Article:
It sums up how uninspiring the place really is when you think how the most popular tourist destination spot last year was, of all places, the Guinness factory, as I pointed out in a recent RT op-ed piece on Irish pub culture.Also on rt.com Time to sup that last pint of stout. It’s closing time for many of Ireland’s pubs amid the Covid-19 catastrophe
Everybody is going on about how wonderful it is that Matt Damon has lots of privacy in Dublin, which is obviously not too hard when you’re stuck in an ivory tower like Rapunzel, thanks to the Covid-19 pandemic. But even that’s not exactly true, because he’s been hounded for interviews and papped there several times.
It’s an absurd myth that Ireland’s “céad míle fáilte” – Irish for a “hundred thousand welcomes” – extends to the country being a place where A-list stars can go without being molested. I once hung out for a weekend with the actor Martin Sheen, after I interviewed him, and he was mobbed whenever we ventured outside – so much so that even churchgoers pestered him for selfies, when I brought him to Mass to say a quiet prayer.
As the musician Nick Cave, who lived in Ireland for a period, once quipped, “Irish people couldn’t care less about celebrity. It doesn’t matter how famous you are – they just treat everybody the same. Now, I only know this because I sat in a bar for a couple of hours last night and somebody came over to tell me that every five f****** minutes!”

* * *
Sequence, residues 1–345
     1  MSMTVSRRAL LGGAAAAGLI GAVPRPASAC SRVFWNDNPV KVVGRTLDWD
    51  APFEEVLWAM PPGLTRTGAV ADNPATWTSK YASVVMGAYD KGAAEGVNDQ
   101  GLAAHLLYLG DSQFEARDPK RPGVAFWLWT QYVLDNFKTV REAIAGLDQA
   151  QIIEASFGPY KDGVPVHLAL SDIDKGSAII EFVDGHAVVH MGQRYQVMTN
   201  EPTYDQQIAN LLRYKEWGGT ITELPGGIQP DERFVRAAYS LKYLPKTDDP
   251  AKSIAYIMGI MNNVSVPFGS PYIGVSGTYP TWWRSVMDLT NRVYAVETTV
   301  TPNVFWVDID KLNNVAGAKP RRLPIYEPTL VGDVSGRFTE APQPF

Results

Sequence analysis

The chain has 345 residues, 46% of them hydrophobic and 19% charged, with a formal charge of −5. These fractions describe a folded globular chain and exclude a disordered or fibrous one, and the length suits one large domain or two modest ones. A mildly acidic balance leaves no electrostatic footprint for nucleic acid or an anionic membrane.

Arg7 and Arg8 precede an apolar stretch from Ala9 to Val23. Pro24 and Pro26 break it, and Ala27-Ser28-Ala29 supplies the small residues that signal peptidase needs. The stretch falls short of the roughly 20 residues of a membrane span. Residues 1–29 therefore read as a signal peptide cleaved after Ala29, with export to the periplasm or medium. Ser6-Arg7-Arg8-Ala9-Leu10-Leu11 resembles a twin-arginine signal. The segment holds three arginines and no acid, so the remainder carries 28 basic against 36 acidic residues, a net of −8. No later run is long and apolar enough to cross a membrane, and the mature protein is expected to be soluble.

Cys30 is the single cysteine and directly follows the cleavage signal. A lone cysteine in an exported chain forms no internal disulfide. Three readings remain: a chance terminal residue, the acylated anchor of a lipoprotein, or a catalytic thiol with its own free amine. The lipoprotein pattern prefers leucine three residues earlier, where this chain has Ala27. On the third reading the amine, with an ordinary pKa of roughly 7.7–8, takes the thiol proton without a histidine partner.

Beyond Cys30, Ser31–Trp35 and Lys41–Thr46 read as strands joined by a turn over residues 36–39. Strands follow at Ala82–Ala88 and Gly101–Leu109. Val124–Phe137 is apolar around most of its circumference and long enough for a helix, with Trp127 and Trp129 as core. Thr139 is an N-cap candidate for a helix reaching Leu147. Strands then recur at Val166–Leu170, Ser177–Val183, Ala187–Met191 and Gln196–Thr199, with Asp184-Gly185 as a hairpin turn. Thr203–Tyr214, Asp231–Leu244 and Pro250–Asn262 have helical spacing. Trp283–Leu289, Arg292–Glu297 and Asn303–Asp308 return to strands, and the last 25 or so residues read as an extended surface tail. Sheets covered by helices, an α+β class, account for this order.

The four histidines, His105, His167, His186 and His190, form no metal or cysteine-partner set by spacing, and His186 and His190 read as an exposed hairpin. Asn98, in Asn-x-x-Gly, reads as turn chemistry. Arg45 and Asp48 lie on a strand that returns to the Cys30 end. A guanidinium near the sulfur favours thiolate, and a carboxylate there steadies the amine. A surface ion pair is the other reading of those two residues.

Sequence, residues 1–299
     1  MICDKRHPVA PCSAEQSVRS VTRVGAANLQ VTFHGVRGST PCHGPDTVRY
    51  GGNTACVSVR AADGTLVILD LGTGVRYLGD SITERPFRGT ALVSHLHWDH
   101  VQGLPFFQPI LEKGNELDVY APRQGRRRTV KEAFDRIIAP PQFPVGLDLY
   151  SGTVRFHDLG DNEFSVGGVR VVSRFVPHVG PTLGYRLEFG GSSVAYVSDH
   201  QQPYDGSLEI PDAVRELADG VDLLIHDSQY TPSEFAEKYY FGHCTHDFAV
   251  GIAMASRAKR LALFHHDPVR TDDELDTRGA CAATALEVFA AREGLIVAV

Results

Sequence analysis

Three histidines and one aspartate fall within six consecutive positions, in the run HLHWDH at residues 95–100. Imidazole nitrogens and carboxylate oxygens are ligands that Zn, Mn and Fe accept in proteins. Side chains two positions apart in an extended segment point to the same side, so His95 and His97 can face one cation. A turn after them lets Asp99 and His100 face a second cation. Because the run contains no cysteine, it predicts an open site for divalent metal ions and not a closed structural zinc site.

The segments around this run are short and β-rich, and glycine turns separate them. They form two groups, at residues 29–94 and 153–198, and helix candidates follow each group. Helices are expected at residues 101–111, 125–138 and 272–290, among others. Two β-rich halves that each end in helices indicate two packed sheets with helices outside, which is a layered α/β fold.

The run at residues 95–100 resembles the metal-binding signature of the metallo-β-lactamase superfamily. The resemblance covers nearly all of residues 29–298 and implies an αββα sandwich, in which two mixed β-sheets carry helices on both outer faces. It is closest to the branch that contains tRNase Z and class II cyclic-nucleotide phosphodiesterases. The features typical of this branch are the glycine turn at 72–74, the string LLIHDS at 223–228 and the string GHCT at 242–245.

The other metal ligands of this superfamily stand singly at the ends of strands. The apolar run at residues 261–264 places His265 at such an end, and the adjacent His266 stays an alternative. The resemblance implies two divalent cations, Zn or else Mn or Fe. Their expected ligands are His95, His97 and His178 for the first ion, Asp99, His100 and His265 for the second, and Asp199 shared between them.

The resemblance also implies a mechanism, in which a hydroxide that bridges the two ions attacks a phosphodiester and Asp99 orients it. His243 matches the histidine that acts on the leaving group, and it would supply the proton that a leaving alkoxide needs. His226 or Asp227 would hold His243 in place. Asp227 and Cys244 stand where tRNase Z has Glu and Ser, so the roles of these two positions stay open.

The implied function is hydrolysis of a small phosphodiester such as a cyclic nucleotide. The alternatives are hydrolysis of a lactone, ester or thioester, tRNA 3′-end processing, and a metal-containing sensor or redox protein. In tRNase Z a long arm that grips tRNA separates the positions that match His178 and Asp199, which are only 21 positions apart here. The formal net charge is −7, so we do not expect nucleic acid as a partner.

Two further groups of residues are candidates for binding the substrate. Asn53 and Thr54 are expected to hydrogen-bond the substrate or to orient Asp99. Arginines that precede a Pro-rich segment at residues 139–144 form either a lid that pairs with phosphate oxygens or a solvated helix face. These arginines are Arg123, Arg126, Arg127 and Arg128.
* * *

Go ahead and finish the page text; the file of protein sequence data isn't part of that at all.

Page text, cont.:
I’d probably understand Matt’s fairytale comparison if he was stuck out in the wilds of Connemara, because many parts of rural Ireland are picturesque and wonderful – but Dublin! I make absolutely no apologies here when I say – to use local slang again – the place is a kip. It’s also a tourist rip-off spot, to boot – it’ll easily set you back €20 for two pints and two packets of potato chips in Temple Bar.Matt Damon is away with the fairies if he believes the real Dublin is like being in a fairytale. After all, it’s not called Dirty Auld Town for nothing.
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The statements, views and opinions expressed in this column are solely those of the author and do not necessarily represent those of RT.